#5 Takidoshido

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Posted 28 May 2020 - 07:23 PM

Glen, would this back up, be required for every production run?? or would periodic testing be sufficient as olenazh is suggesting??

 

thanks 



#6 pHruit

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Posted 29 May 2020 - 07:36 AM

Glen, would this back up, be required for every production run?? or would periodic testing be sufficient as olenazh is suggesting??

 

thanks 

 

As I've indicated above, testing is likely to only be one part (if any) of the substantiation of your claim - whilst cross-contamination is an entirely valid consideration, the claim itself is primarily about what you are (or indeed, aren't) intentionally putting in the product - I'd suggest this is not necessary for every batch, as it can be undertaken on a periodic basis provided that it is sufficiently robust. You'd therefore require some sort of declaration from your raw material suppliers as to whether any animal ingredient are present (intentionally or otherwise) in the product, and that they will advise you in advance if this is subject to change. The exact form this takes may depend on the nature of the raw materials, your own requirements, and those of your customer - for example some expect to see a full allergen-style risk assessment of not just what is in the ingredient, but what is in the supply chain, what else is on site, what the potential for cross-contamination is etc.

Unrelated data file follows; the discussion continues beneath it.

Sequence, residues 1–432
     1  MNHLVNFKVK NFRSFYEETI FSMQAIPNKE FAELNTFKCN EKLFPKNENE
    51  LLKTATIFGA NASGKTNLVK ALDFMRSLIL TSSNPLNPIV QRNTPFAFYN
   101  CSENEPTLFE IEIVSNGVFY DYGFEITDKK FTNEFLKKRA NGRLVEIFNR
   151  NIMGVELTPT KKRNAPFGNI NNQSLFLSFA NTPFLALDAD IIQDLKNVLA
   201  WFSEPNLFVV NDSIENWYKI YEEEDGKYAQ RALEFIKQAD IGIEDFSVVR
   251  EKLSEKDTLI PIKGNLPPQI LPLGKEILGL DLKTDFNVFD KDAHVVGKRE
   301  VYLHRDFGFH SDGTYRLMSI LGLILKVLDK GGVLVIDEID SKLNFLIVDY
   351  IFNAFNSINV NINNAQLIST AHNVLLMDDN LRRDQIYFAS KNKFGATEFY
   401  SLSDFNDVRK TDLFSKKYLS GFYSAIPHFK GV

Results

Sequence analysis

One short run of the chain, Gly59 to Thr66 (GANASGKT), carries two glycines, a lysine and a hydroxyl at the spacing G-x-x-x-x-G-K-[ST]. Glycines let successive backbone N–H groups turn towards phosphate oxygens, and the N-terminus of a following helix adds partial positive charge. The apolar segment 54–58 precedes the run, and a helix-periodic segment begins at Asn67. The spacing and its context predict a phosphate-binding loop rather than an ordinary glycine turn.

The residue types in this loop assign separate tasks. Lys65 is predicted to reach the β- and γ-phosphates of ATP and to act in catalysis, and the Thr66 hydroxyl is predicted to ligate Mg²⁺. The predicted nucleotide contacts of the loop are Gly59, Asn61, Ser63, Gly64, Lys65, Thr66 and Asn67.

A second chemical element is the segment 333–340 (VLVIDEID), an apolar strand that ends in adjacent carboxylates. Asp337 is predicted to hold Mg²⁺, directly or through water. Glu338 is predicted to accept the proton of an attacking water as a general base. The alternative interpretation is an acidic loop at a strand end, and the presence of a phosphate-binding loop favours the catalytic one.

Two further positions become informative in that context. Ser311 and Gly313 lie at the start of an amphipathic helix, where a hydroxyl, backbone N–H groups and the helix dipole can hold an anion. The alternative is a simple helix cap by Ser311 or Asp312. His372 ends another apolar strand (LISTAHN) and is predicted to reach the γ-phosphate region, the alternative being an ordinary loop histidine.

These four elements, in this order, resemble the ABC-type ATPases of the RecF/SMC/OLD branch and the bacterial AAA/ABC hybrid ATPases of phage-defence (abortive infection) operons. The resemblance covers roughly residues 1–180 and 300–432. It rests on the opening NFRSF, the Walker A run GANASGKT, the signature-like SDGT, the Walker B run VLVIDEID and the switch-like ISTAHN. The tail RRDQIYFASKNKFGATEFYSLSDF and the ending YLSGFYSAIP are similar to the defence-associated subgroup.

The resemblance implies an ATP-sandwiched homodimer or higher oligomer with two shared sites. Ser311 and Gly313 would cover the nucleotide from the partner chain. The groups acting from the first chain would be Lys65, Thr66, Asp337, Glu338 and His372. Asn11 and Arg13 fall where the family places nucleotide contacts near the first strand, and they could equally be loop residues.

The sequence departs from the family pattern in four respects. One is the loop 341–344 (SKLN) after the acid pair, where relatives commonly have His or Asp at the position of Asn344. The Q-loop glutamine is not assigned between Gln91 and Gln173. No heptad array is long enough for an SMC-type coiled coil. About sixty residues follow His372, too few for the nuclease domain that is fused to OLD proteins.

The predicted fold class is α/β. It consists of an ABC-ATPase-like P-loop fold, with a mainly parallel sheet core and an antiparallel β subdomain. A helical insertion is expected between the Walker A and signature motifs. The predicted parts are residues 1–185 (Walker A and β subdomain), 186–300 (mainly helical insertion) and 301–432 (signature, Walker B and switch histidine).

Your own testing frequency is then potentially going to depend on the specific risk you determine to be present on site, and given that you're BRC certified, you can be nigh-on certain that they'll expect to see a risk assessment to substantiate the testing frequency ;)